Looking deeper into federal data for 2013-2017, investigators found a recurring pattern of problems. Data for that five-year period showed that 82 percent of nursing homes inspected, or 13,299, had at least one deficiency related to infection control and prevention. About half of the facilities had an infection-related deficiency in multiple consecutive years.

“Our analysis of CMS data shows that infection prevention and control deficiencies were the most common type of deficiency cited in surveyed nursing homes,” John Dicken, the director of the health care team at the GAO, wrote in a letter to Sen. Ron Wyden of Oregon, the top Democrat on a committee that oversees Medicare and Medicaid. “Infection prevention and control deficiencies cited by surveyors can include situations where nursing home staff did not regularly use proper hand hygiene or failed to implement preventive measures during an infectious disease outbreak, such as isolating sick residents and using masks and other personal protective equipment to control the spread of infection."

Dicken added: “Many of these practices can be critical to preventing the spread of infectious diseases, including COVID19.”

Parkinson said on Sunday that one of the reasons nursing homes have been so devastated by COVID-19 was that residents were not seen as high priority and the facilities lacked the proper testing supplies.

“The country was too concerned with hospitals being overrun and there were consequences to that, one of the consequences was that nursing homes were left out,” he said. “Our residents were not a high priority for testing, we weren’t given the equipment we needed."

Parkinson added: “There needs to be some accountability for all of these people that were making this fantastic estimates that all the hospitals in the country would be overrun—there wasn’t and there were consequences.”

Parkinson noted that the Trump administration has allocated $5 billion for the recovery efforts in nursing homes nationwide.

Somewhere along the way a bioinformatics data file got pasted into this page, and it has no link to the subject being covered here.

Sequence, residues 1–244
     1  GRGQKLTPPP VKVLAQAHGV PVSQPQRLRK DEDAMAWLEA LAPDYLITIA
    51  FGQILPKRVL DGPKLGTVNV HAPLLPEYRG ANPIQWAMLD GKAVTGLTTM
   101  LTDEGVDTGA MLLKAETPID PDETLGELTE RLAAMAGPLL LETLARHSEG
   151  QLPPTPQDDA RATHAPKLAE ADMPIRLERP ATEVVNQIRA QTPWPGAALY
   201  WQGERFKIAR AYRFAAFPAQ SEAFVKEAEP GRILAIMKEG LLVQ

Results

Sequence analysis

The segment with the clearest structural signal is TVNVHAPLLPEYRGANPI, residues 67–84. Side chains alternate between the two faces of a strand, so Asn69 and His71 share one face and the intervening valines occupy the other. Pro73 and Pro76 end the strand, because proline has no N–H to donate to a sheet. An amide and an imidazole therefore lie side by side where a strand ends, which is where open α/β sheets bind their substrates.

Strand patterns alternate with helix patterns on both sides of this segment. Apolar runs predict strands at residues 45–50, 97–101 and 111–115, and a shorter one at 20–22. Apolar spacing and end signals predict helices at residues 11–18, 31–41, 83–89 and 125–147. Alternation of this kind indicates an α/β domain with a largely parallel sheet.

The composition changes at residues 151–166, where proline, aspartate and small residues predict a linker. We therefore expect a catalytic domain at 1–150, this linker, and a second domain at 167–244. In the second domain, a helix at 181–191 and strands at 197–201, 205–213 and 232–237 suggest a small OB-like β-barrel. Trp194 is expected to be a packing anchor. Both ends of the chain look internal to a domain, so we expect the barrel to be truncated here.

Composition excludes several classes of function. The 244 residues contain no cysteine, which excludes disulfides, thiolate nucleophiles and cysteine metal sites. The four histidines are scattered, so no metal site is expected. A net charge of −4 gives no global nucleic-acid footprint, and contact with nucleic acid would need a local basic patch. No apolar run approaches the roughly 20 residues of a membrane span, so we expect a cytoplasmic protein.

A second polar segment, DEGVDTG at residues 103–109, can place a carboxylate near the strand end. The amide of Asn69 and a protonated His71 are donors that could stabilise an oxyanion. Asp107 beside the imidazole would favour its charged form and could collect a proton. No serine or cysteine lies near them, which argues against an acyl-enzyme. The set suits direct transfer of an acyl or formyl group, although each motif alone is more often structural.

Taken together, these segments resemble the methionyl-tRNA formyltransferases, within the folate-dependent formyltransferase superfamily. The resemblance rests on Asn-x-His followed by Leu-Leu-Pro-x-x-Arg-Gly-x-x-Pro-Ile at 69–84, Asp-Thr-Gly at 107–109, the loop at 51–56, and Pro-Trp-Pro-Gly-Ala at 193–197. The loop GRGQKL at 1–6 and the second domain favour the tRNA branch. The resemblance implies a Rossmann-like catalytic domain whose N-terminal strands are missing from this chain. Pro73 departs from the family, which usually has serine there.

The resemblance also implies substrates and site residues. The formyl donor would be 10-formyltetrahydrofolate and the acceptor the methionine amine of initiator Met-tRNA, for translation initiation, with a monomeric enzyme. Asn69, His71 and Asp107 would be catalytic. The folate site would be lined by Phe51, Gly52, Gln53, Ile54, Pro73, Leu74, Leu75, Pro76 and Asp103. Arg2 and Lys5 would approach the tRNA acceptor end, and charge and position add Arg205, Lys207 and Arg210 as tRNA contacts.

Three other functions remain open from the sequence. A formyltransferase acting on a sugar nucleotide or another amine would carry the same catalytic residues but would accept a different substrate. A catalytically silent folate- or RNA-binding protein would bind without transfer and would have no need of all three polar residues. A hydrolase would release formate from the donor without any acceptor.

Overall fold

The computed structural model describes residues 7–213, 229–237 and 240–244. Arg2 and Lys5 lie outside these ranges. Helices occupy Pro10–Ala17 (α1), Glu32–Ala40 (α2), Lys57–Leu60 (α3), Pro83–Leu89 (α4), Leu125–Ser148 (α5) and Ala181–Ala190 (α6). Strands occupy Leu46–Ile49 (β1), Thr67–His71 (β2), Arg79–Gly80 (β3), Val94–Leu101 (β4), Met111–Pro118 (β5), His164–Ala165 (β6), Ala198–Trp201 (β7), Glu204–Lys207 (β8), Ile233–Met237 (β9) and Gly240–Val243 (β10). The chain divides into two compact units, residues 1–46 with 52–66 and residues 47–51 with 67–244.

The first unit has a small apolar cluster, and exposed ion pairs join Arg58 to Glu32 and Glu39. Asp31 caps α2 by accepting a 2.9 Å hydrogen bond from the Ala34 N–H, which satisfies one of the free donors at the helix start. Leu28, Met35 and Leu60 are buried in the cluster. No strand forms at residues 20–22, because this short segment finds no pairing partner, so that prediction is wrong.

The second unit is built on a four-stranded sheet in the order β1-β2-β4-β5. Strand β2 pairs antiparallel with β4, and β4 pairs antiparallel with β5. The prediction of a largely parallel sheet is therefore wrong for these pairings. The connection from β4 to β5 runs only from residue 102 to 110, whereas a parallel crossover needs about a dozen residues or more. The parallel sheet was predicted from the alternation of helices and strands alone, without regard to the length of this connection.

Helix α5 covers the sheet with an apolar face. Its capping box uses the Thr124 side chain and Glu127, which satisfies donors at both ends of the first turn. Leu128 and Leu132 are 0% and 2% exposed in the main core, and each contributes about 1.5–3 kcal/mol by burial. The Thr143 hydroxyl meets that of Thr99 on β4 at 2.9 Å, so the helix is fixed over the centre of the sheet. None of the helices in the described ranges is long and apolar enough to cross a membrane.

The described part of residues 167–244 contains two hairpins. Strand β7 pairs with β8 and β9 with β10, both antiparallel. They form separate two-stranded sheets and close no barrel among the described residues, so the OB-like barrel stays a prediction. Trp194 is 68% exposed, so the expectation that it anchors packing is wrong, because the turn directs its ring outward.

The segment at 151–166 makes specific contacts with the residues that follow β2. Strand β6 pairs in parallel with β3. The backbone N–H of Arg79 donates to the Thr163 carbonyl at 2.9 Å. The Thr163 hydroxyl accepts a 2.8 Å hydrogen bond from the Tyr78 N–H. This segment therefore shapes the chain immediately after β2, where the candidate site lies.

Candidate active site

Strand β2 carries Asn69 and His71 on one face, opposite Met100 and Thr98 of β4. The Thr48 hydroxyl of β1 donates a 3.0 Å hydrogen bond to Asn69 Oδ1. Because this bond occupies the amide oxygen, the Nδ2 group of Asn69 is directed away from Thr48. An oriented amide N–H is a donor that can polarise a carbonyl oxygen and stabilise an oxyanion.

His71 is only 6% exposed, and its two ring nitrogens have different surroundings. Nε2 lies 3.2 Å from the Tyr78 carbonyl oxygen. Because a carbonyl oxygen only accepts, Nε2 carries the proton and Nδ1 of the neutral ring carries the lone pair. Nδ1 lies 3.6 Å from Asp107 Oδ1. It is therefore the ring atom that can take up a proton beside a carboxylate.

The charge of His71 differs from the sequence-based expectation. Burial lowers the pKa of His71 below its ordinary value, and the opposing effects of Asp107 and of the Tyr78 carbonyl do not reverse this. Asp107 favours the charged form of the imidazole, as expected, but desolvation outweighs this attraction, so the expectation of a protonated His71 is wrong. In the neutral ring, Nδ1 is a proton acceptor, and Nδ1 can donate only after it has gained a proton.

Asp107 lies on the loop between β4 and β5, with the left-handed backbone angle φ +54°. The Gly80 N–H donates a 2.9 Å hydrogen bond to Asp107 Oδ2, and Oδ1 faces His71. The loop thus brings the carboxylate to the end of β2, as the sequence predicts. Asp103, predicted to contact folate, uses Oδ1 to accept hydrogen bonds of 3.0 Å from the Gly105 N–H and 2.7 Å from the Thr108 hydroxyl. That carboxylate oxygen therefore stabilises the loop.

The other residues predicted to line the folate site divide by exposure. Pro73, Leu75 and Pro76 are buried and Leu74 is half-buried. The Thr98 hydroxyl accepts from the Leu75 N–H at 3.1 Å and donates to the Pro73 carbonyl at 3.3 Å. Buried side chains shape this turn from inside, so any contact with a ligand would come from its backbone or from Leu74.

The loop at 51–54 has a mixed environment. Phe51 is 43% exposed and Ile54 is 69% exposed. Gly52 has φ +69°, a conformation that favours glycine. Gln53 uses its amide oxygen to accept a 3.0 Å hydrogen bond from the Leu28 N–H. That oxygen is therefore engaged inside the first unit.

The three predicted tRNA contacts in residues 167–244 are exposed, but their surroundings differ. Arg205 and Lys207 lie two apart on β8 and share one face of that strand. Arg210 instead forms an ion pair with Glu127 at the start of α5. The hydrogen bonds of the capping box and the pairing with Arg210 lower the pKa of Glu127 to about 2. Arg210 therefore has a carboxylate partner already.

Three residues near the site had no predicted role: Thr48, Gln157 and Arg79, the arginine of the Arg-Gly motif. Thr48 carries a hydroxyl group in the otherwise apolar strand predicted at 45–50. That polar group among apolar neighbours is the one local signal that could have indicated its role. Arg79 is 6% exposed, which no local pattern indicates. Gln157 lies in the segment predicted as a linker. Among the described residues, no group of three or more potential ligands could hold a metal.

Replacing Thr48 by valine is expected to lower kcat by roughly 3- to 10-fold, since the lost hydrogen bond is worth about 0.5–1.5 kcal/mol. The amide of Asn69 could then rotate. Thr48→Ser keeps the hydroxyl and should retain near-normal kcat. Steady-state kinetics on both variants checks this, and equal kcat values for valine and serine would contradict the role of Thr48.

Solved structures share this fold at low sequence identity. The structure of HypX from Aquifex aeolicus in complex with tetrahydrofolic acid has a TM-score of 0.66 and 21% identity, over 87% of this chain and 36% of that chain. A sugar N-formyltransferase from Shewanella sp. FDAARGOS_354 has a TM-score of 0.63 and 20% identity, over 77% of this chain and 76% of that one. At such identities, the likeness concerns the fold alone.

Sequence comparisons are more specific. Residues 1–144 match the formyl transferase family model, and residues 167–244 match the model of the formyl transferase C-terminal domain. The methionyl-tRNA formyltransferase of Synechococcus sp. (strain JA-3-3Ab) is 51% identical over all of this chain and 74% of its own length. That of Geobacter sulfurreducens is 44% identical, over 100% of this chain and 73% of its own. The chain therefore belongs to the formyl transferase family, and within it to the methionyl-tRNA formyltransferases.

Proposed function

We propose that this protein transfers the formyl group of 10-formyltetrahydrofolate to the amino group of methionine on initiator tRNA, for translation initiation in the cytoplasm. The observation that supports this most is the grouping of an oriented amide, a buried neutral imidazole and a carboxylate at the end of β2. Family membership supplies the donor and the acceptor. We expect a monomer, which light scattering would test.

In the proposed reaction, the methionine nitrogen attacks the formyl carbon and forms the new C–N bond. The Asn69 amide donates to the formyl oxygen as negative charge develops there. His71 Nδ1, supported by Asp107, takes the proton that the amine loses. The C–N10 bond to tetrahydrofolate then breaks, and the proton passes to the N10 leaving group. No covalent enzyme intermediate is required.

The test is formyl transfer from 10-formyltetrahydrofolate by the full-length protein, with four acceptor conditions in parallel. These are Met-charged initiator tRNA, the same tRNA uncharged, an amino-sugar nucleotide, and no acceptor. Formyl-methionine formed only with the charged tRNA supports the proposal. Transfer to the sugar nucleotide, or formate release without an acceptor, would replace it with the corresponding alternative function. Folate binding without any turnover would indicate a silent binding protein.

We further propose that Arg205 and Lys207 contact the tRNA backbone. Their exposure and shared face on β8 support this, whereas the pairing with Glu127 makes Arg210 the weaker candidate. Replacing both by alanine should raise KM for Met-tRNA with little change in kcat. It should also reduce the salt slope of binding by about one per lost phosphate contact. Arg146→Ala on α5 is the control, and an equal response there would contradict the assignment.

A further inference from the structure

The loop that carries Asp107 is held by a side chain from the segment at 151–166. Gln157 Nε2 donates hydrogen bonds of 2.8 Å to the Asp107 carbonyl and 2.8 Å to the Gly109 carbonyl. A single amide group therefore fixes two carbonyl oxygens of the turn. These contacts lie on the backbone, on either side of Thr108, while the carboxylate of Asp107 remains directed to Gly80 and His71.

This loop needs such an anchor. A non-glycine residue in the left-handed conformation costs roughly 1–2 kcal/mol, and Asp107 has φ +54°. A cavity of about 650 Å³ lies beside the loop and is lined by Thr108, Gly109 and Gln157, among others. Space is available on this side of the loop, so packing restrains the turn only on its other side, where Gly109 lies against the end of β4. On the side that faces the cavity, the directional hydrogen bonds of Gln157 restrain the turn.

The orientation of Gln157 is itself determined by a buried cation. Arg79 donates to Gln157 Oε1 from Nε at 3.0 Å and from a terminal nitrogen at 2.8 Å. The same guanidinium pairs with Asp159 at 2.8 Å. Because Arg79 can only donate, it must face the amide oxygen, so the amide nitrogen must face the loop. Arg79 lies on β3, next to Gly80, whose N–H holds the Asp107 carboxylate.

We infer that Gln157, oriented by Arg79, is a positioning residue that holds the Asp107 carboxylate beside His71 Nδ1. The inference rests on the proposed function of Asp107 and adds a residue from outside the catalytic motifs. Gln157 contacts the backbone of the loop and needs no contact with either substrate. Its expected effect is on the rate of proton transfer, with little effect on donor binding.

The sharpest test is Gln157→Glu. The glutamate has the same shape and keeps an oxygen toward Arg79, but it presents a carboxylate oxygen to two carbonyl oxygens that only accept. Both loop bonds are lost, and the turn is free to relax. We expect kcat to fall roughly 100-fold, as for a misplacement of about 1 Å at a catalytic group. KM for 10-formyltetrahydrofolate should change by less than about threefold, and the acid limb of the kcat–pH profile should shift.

Full Article & Source:
Top nursing home executive blames 'flawed survey system' for scathing GAO report on lapses in infection prevention

Tucker Carlson: Coronavirus and the shocking abuse happening in nursing homes. This tragedy wasn't by accident

By Tucker Carlson

Months from now, if and when we're finally able to assess the coronavirus pandemic rationally and honestly, it'll be clear that it was mostly a disaster for the old and the sick. Thirty-year-olds in Brooklyn have made the most noise, flooding the Internet with their neuroses.

But it is old people who have really suffered.

About a third of all deaths in this country so far have occurred in long-term care facilities. We told you a lot about the tragedy unfolding in New York.

As of Friday night, almost 6,000 nursing home residents have died there after Governor Andrew Cuomo forced facilities to admit infected patients.

But it's not only happening in New York. In New Jersey, Connecticut and Massachusetts for example, deaths in nursing homes account for more than half of the statewide totals.

So, if you're old and in a facility, this virus has been genuinely dangerous.

But the real story is even worse than that, thanks to bad policies.

Many nursing homes have banned all visits from relatives even those who have tested negative for the coronavirus. That means for millions of aging Americans, lockdowns equal suffering alone, marooned in isolation, away from children and grandchildren, often in the final days of their lives.

It's hard to imagine anything sadder than that, but in fact, there is something sadder.

No visitors means no real supervision. No one who cares about the elderly can check-in and see how they're doing. This is an invitation to the most awful kinds of abuse.

Take a look at this video. It's from the Westwood Nursing Center in Detroit. We warn you -- and we don't say this lightly -- it is highly upsetting. We think you should see it because it's real.

VIDEO: A nursing center worker repeatedly punches an elderly man in a bed.